On the 29th, just 24km from the centre of Berlin, I rode through the city of Potsdam, which is really rather beautiful. It was designed and planned around the ideas of The Age Of Enlightenment, an intellectual and philosophical movement that dominated the world of ideas in Europe during the 18th century, and through a balance of architecture and landscape was intended as “a picturesque, pastoral dream” to remind its residents of their relationship with nature and reason. And, quite a good job they have done too. As I cycled the city, crossing the many bridges that span a series of interconnected lakes that surround the city, I was glad to see that it was actually possible to combine large numbers of inhabitants and nature without one destroying the other. It’s also littered with cultural landmarks, in particular, the parks and palaces of Sanssouci, which I only got to view for a short period. This is the largest World Heritage Site in Germany. Many Berliners come here at the weekend and easy to see why.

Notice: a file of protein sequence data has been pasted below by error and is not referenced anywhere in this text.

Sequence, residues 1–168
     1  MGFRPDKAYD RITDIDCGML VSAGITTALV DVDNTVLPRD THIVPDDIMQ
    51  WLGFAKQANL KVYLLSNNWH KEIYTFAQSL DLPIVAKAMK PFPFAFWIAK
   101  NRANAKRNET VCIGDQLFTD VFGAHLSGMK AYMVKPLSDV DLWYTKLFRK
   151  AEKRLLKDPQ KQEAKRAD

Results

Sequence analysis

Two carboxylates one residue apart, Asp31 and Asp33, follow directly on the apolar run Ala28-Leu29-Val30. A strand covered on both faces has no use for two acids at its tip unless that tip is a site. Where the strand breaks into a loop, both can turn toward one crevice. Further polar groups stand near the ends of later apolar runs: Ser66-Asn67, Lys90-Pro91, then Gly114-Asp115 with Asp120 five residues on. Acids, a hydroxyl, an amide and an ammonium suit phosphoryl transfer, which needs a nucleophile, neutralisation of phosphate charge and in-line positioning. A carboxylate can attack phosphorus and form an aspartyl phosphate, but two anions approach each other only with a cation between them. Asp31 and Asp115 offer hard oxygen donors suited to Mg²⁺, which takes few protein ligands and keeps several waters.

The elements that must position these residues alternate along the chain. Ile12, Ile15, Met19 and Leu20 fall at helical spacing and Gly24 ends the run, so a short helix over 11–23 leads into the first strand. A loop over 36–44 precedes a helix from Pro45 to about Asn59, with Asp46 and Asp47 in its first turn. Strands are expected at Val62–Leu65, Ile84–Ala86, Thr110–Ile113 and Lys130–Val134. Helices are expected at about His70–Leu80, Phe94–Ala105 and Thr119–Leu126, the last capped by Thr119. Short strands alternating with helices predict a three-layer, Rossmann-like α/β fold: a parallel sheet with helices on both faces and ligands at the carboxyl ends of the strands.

About as much blue sky as I saw throughout my ride towards Berlin

                                                                                                                                      Early the next morning, after camping alongside one of the many lakes, I cycled the final 20km into Berlin, joining the thousands of people who take to the city’s parks and cycle networks on a Sunday morning. I was all of a sudden surrounded by a swarm of runners, cyclists, rollerbladers, and walkers, all making the most of the dim sunshine that occasionally broke through. I’d arranged to meet up with more friends in Berlin who had, rather generously, agreed to host me for a week, which made my stay in the capital much more wallet-friendly. Since they were away for the first few days, I met up with a friend of theirs who showed me to the apartment and let me in and it is here, with the comfort of central heating and the obvious benefits that come with a modern house (a warm shower for one), that I write to you now.

The novelty of having a roof over my head that isn’t canvas

Over the next week, I intend to transform into a proper tourist and explore what this city has to offer. But, that’s for another blog.

This post covers trip dates from 14th – 30th April, 2017

You can see more photos from this part of my journey by visiting the gallery page or by clicking here

Edited by – Emer Garry